Are you trying to save money, or maybe break free from debt? If so, you’ll love this series!
Over the course of 2018, I’ll be sharing one thing each week or so that you can do to save at least $100 each year. Start doing them all and that’s $5,200 a year! Nice!
Looking for others in the series? I’ll link them in the bottom of the post as soon as they go live.
Why 52 Ways to Save $100 a Year (Or More)?
I’m tired of trying to make huge changes, that last only as long as my motivation.
I want to break the cycle. If big changes don’t last, what about small ones?
That’s what this series is all about: small changes that add up to a big payoff over time!
Let’s get saving:
Grocery Budget Breakdown
Last time we looked at your grocery budget.
Chances are you’ll have noticed something…
Some of the biggest differences in price are between higher welfare animal products and those that are… not.
That brings up an ethical question…
Is it ‘worth it’ to pay more for higher welfare animal products?
One of the biggest examples of savings I found going through my grocery order was on eggs. I normally buy a dozen a week… and I usually buy free range. The best kind of free range – I did my research a while back and found the brand that doesn’t overcrowd the chickens.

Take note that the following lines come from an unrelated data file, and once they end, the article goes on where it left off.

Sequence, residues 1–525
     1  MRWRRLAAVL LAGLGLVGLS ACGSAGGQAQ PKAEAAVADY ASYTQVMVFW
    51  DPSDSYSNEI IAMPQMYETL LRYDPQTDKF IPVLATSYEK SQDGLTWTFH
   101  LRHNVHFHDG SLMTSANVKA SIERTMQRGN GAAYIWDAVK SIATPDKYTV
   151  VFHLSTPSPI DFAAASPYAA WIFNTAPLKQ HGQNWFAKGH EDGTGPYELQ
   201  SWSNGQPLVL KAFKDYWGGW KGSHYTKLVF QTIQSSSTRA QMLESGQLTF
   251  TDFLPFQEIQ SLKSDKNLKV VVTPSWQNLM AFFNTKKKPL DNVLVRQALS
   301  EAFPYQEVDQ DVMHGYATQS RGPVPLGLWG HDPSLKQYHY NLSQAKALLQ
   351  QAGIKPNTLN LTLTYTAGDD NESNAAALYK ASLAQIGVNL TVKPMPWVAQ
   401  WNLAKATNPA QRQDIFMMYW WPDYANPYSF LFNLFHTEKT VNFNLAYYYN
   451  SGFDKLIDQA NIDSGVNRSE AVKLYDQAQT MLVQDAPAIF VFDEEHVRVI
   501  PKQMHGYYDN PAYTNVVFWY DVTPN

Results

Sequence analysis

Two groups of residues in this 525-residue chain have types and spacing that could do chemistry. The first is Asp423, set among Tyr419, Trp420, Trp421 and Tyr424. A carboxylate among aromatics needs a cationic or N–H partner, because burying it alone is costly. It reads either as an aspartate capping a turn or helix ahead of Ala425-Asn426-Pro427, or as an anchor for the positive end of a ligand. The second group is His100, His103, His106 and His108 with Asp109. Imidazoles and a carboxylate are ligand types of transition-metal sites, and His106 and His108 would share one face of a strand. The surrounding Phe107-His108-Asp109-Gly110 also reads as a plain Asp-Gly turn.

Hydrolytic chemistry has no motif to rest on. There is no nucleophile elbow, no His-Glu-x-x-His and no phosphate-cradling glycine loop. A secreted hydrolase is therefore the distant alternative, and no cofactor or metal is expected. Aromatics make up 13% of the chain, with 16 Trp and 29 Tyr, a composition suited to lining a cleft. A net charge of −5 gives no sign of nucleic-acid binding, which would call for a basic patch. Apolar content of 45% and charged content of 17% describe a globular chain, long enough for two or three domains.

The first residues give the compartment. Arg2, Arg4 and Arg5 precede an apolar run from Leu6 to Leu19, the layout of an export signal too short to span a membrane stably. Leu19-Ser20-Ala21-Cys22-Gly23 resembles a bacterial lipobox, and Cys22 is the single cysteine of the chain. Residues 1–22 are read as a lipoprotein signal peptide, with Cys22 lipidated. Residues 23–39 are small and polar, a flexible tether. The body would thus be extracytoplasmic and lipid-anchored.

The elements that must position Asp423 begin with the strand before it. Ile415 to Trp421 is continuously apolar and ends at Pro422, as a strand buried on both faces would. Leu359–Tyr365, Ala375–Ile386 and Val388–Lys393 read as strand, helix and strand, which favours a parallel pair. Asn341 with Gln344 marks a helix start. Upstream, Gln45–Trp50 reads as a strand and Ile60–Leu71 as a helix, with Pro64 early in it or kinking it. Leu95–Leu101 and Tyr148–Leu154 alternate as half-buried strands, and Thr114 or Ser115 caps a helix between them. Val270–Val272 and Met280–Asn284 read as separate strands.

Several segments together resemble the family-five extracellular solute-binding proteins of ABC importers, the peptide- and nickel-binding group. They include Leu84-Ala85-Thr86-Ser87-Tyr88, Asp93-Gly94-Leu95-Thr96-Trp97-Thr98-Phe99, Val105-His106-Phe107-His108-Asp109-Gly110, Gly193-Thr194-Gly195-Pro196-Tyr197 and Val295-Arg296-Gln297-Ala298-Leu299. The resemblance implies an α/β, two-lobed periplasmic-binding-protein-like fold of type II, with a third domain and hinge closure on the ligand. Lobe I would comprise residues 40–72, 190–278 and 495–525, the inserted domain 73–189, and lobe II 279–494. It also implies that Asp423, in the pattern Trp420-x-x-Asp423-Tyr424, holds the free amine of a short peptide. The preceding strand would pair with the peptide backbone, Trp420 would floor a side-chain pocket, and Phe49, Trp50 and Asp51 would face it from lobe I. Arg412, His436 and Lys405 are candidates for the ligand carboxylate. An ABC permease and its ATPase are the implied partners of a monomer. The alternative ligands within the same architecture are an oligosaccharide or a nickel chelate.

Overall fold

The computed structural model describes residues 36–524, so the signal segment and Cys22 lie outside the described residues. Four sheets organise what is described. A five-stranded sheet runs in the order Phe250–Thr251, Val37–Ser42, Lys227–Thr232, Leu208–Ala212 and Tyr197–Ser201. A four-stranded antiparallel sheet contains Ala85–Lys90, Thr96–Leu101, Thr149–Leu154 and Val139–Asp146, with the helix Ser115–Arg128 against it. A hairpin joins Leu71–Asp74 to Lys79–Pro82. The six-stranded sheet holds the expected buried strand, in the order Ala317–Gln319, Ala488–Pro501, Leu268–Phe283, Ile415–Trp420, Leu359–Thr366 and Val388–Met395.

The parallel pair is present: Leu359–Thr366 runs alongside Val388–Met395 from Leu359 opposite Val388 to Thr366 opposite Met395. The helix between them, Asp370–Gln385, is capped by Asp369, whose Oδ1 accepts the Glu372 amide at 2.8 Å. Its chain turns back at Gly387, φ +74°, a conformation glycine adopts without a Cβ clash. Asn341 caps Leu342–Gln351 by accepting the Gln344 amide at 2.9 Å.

But they’re expensive.
Whereas the store-brand cage eggs are only $3. That’s $4 difference and a saving of $208 over the course of a year.
Cue moral dilemma.
The Ethics of Eating
I fully understand that people respond to the ethical question of what we eat in different ways. Some will fall on the side of ‘it’s all food, and I’ll take whatever savings I can get to support my family in other ways’. Others will be strictly in the higher welfare camp and refuse to buy anything that isn’t.
Here’s my thoughts (and no judgment intended if you think differently):
It bothers me that there are animals that are basically plugged into a machine and never see the sun, feel the air, or move freely. (Without even the benefit of the Matrix! o.O) That’s no kind of a life.
So, I asked myself the question:
“Forget about what the product is – would you donate money to this cause?”
Now, I’ve never seen anyone taking a collection for higher welfare chicken farming… but when you buy something you’re voting with your money.
If you want things to change, you have to support that change with your wallet.
So, for now, I’m going to continue buying the free range chicken eggs. At least, most of the time. But, if we do hit a rough patch financially, I know that I can cut at least $208 from my yearly grocery spend with one tiny change.
52 Weeks of Savings